Get in Shape: Cell Shape Is an Independent Repository of Retrievable Information
Cells sense and interact with their environment using chemical and physical signals including cell-matrix and cell-cell contacts. These signals often control the global and local shapes of cells by modulating the cytoskeletal structure, but can the local shape alone provide functionally relevant information? We hypothesize that physiologically relevant shapes can encode information needed to maintain the cell in a differentiated state. This conjecture raises two follow-on questions: (i) how is the information stored in cell shape retrieved; and (ii) how does this information contribute to cellular phenotype? Theoretical analyses, based on reaction-diffusion system and optimal control theory, indicate that information from cell shape can be resolved from physical signals and uniquely retrieved by adopting shapes with distinct surface-to-volume relationships. We used microfabricated 3-D biomimetic chips to validate the predictions from the theoretical analyses. We constructed single-cell patterns representing simplified versions of the in vivo morphology of two cell types, kidney podocytes, and smooth muscle cells. In both types, cells in the shapes showed marked phenotypic changes, as measured by expression levels of physiologically important proteins and localization of these proteins to the appropriate subcellular compartment. Using differential proteomics and functional ablation assays, we found that β3 integrin and its binding partners from the ezrin-radixin-moesin (ERM) family are involved in the transduction of shape signals. These observations indicate that physiological cell shape, including local specialization, embodies information obtained during the development, which is utilized to maintain the cell in the differentiated state.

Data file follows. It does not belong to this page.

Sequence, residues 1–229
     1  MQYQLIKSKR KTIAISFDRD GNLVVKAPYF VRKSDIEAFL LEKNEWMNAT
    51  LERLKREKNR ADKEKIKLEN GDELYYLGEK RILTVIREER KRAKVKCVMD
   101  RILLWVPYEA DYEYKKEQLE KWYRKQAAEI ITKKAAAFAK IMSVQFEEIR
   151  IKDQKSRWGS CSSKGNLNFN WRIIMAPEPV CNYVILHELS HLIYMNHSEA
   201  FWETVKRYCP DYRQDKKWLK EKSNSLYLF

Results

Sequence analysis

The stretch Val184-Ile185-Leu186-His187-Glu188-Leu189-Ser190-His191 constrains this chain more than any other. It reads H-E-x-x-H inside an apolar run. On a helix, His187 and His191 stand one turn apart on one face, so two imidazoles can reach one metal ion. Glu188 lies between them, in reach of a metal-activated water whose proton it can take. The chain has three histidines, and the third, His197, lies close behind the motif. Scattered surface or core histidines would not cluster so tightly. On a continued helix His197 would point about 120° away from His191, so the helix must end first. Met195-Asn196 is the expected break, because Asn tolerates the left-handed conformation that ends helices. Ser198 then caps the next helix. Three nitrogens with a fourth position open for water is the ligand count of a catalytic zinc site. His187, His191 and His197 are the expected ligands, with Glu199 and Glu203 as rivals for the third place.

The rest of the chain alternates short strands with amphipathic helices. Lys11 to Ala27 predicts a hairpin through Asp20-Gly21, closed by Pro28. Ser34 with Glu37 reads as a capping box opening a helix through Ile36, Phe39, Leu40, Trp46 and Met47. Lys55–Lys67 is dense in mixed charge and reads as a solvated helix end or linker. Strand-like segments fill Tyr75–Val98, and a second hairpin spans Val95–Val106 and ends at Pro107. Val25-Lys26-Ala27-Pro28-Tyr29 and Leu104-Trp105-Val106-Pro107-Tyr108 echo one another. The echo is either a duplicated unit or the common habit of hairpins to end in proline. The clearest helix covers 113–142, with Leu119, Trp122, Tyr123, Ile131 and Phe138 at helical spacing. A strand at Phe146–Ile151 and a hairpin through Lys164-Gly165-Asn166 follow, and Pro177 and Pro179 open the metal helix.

About the speaker: Amit Ron received the M.Sc. (2008) and Ph.D. (2012) degrees in Biomedical and Electrical Engineering respectively from Tel Aviv University. Currently he is a postdoctoral fellow in the Department of Mechanical Engineering and the Center for Mechanical Biology at Columbia University. His main areas of interest include cellular mechanobiology and biophysics and bioengineering of the cellular microenvironment.